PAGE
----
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Q Road: A Novel
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Q Road: A Novel

3.82  ·  Rating details ·  495 Ratings  ·  77 Reviews
Welcome to Q Road, in Greenland Township, where the old way of life is colliding with the new. On the same acres where farmers once displaced Potawatomi Indians, suburban developers now supplant farmers and Q road (or "Queer Road," as the locals call it) has become home to an unlikely mix of people. The neighbors include a sixth-generation farmer and his rifle-toting child ...more
ebook, 288 pages
Published June 14th 2011 by Scribner (first published August 19th 2002)
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Cathrine ☯️
Once Upon a River is on my favorites shelf and a prequel to Q Road, though written after the fact. Lead protagonist Margo only appears here in flashbacks as this one is about daughter Rachel after Margo has disappeared. Except for those flashbacks, the entire story takes place on one particular day and is told from multiple perspectives by residents in Greenland Township, Michigan. Many of whom define quirky and say or do unexpected things that surprise, sometimes shock you. Take Nicole for
Jason Pettus
(Reprinted from the Chicago Center for Literature and Photography []. I am the original author of this essay, as well as the owner of CCLaP; it is not being reprinted illegally.)

I recently found myself with the opportunity to interview revered author Bonnie Jo Campbell for the CCLaP Podcast; and so before doing so, I thought it would be beneficial to read her two most popular books besides the one I've already read (2011's Once Upon a River, that is, considered by many to be a fro
Nancy Brady
A literary novel about quirky neighbors in Greenland Township, Michigan living on Q Road, known to the locals as Queer Road. The Centennial Farm of George Harland (and his ancestors) is the focus of the story (reminded me of my aunt's and uncle's farm in Flushing, Michigan...they, too, owned a Centennial Farm, sign and all).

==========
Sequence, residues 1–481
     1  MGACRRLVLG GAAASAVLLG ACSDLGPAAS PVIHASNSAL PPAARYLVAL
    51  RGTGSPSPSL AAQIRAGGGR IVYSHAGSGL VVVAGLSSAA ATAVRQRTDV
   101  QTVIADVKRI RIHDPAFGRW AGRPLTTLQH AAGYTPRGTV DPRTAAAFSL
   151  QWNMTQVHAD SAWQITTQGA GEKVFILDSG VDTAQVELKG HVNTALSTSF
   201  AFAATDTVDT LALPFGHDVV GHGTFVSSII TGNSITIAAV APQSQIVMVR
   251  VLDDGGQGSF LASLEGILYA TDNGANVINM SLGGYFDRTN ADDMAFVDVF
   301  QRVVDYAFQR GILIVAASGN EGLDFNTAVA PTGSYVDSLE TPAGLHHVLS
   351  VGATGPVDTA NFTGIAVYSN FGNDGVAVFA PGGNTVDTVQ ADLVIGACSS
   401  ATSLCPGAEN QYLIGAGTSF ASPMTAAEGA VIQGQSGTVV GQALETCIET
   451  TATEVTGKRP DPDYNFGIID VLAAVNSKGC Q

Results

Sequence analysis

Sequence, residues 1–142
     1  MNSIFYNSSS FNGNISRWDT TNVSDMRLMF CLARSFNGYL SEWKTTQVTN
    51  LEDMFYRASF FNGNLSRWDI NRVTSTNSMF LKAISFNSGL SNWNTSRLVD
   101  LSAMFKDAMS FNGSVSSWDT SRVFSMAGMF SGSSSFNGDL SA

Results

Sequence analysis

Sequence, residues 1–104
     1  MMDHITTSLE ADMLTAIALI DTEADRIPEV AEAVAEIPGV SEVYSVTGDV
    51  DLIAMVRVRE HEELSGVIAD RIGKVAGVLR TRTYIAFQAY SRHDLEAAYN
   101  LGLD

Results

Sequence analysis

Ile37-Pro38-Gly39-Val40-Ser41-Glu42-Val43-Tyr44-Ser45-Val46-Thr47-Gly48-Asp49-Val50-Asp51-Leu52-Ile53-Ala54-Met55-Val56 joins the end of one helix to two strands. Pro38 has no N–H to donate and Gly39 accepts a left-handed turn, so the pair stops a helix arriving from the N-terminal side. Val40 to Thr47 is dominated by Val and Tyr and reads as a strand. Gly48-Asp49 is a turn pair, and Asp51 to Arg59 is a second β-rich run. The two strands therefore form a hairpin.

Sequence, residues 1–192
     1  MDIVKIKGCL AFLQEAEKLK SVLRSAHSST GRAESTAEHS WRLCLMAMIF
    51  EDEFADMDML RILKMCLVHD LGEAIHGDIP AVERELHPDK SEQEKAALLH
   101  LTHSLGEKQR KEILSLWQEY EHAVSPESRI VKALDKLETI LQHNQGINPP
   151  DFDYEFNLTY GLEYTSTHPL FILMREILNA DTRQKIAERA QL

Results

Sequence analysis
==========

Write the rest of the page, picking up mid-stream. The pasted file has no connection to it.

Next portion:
Rachel loves the land and loves to cuss. In fact, she swore throughout whether it was warranted or not. George loves Rachel. The rest of the characters move in and out of th
I loved the three Bonnie Jo Campbell books I read before this one -- two of short stories and one novel. She's one of my favorite authors still writing and I have all her books and her chapbook of poetry on my shelf. So you can imagine how excited I was when I saw that I would be in Portland, ME when she would be doing a reading at Longfellow's, Portland's "fiercely independent" bookstore. And she was as amazing in person as her books (and website) lead one to think she would be. Before the read ...more
Oct 23, 2011 rated it really liked it  ·  review of another edition
Sequel to Once Upon A River that was written first. Another great story about quirky characters surviving outside established norms. In this book they are connected to the farm land and rather than the river. The suburbs are encroaching and a way of live is disappearing...Sound familiar? The main character didn't grab me like Margo, and I was sad that Margo didn't appear in the book, but still a great read. Wonder if she will appear in a future book?
Jan 20, 2012 rated it really liked it  ·  review of another edition